The first glimpse of the new single from the upcoming album premiered on a Detroit radio station. But it was in la Maroquinerie in Paris a few days ago that any fans have had the opportunity to hear the song live. Here is a fan-shot video of Screaming Bloody Murder at one of the best venues in Europe.




While the production quality drops as the song progresses (and because of the shooter's proximity to the drums), it's obvious the audience already knew the opening lines before the band could break into the driving rocker. That must have made Whibley feel great. He listens to fans more any other measure.

"I never cared what radio or press or anybody thinks," Whibley told Artist Direct. "We're doing our thing."

Who can blame him? Every interview is marred with questions about his divorce and what other people think. And in every interview he tosses down the gauntlet, explaining that he wrote this album with nobody in mind except the band and the fans. Specifically, he has said, it's a straight up 'fuck you' rock record with complete freedom and without any overproduction.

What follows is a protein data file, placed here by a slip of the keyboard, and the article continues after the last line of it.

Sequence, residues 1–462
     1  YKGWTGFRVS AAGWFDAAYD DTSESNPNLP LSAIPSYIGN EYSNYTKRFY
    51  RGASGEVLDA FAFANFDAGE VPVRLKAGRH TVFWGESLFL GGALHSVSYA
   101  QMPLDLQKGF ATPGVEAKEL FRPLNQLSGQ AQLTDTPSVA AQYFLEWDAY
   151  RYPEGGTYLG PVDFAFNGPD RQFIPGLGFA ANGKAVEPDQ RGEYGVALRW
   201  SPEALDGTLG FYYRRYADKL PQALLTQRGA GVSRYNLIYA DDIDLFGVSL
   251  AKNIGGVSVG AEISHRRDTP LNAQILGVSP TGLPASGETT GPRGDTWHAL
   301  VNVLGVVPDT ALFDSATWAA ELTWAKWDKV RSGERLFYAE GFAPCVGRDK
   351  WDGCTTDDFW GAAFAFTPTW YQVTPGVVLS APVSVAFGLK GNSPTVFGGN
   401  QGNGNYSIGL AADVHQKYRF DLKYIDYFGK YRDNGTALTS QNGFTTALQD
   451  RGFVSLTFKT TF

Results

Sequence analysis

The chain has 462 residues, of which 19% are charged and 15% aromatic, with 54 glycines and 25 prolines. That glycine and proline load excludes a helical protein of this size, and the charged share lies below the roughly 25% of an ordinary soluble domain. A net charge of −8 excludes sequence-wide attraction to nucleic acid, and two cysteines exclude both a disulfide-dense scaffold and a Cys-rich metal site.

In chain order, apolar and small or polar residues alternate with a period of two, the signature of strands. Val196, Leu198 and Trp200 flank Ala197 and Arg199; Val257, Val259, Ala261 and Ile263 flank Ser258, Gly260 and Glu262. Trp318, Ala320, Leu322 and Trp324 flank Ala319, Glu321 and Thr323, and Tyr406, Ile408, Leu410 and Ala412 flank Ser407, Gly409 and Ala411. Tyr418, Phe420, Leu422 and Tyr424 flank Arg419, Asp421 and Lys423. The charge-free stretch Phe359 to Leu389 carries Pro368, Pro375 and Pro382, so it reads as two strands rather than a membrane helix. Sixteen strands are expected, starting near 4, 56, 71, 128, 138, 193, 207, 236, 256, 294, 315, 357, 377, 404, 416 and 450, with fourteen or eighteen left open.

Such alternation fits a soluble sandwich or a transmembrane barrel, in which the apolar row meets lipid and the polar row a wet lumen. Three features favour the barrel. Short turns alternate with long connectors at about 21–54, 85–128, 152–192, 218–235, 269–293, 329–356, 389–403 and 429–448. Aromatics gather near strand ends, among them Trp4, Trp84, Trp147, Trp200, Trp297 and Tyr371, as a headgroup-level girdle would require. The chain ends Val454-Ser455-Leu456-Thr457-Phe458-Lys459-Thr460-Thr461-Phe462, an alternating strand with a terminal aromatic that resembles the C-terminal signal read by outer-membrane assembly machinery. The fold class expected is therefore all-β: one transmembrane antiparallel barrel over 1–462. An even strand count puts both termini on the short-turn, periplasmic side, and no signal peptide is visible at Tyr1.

The constant reiteration is good for the band. While frequently saddled with the pop punk label, anyone who has listened before knows they've delivered diversity since the beginning. This time around, however, it seems certain the darker sound (which Whibley attributes in part to a mood he was in) was better suited to the more aggressive but equally passionate rock.

Screaming Bloody Murder By Sum 41 Breaks 9.6 On The Liquid Hip Richter Scale.

If Screaming Bloody Murder is any indication of what to expect from its fifth album, Sum 41 will prove its best days are ahead and not behind them. Then again, I was introduced to Sum 41 off a pre-album import showcasing The Hell Song and Still Waiting (both later appeared on Does This Feel Infected). They've come a long way since then and the direction gives the band more room to showcase their skills as musicians.

Screaming Bloody Murder is available on iTunes. The album will be released on March 29. On Amazon, Screaming Bloody Murder can be downloaded as an MP3. The band is currently touring Europe before heading to Australia and then Japan.